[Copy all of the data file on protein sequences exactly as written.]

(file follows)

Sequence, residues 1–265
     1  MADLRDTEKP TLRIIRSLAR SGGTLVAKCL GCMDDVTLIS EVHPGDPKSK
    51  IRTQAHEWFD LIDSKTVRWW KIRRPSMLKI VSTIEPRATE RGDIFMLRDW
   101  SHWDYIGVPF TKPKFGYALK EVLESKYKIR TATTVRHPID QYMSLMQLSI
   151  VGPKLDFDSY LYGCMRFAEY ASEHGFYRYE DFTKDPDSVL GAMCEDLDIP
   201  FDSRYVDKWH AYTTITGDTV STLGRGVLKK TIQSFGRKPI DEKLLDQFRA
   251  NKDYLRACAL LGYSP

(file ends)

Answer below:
Sequence, residues 1–265
     1  MADLRDTEKP TLRIIRSLAR SGGTLVAKCL GCMDDVTLIS EVHPGDPKSK
    51  IRTQAHEWFD LIDSKTVRWW KIRRPSMLKI VSTIEPRATE RGDIFMLRDW
   101  SHWDYIGVPF TKPKFGYALK EVLESKYKIR TATTVRHPID QYMSLMQLSI
   151  VGPKLDFDSY LYGCMRFAEY ASEHGFYRYE DFTKDPDSVL GAMCEDLDIP
   201  FDSRYVDKWH AYTTITGDTV STLGRGVLKK TIQSFGRKPI DEKLLDQFRA
   251  NKDYLRACAL LGYSP